COVID-19 and flu vaccines
Vaccines help everyone stay better protected.
For details of current local COVID-19 clinics across Buckinghamshire, Oxfordshire, and Berkshire West visit our Stay Well website
- For more information on COVID-19 vaccination, visit: COVID-19 vaccination - NHS
- For more on flu vaccination, visit: Flu vaccine - NHS
The flu vaccine is free for younger children, older people, those in clinical risk groups and pregnant women. The flu vaccine is offered through schools for school-aged children and pregnant women can get their flu vaccine through their GP practice, pharmacy or maternity service.
The COVID-19 and the flu vaccine can be given on the same day. However, we encourage everybody to get each vaccination as soon as they can, rather than waiting to get both at the same time.
Please help to keep yourself and those around you safe against these viruses by getting vaccinated when you are invited. You can find out more about what vaccinations you may need, and information about how to book an appointment, by visiting www.nhs.uk/flujab and www.nhs.uk/covid-vaccine.
What is flu?
Flu is caused by influenza viruses that infect the windpipe and lungs. Flu will often get better on its own, but it can make some people seriously ill. It's important to get the flu vaccine if you're advised to. Please note that the flu and COVID-19 vaccine can be given on the same day.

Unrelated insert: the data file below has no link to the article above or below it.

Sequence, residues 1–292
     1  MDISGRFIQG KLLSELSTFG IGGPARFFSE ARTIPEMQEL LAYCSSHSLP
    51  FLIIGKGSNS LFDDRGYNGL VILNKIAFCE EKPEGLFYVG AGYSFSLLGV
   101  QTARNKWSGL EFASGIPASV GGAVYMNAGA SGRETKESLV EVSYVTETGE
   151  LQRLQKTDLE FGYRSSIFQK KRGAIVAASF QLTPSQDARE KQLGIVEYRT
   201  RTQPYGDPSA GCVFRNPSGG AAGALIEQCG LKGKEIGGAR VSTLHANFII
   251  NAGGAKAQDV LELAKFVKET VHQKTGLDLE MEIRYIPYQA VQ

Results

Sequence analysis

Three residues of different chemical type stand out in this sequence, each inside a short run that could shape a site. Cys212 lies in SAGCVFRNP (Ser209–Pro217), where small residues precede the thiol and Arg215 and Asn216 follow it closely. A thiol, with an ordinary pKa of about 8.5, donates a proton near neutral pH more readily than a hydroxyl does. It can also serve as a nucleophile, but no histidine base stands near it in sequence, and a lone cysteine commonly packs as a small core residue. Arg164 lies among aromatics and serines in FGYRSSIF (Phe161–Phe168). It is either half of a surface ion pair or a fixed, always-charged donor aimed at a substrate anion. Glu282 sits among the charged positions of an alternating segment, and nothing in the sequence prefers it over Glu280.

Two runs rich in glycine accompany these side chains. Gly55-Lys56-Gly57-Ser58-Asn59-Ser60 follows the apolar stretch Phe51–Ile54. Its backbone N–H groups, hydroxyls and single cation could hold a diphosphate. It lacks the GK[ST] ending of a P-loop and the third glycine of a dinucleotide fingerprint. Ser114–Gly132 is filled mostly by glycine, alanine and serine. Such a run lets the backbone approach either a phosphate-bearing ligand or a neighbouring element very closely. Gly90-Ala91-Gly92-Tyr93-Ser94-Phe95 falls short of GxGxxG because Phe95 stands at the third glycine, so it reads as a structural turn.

Flu is spread by coughs and sneezes. You can prevent the spread by covering your mouth and nose when you cough or sneeze, and you should wash your hands frequently or use hand gels to reduce the risk of picking up the virus. The best way to avoid catching and spreading flu is by having the vaccination before the flu season starts.
- rest and sleep
- keep warm
- take paracetamol or ibuprofen to lower your temperature and treat aches and pains
- drink plenty of water to avoid dehydration (your pee should be light yellow or clear)
- most children over the age of 2 are offered a nasal spray vaccine. A small number cannot have it due to pre-existing medical conditions or treatments and are offered protection through an injected vaccine instead. The nasal spray contains small traces of porcine gelatine. For those who may not accept the use of porcine gelatine in medicines, an injectable vaccine is available.
- adults are offered an injectable vaccine. There are different types, including low-egg and egg-free ones
- adults aged 65 years and over –the most common flu vaccine contains an extra ingredient to help your immune system make a stronger response to the vaccine
If your child is aged between 6 months and 2 years old and is in a clinical risk group for flu, they will be offered an injected flu vaccine as the nasal spray is not licensed for children under the age of 2.
- slightly raised temperature
- muscle aches
- sore arm where the needle went in –this is more likely to happen with the vaccine for people aged 65 and over
- continue to move your arm regularly
- take a painkiller, such as paracetamol or ibuprofen– some people, including those who are pregnant, should not take ibuprofen unless a doctor recommends it.
- a runny or blocked nose
- a headache
- loss of appetite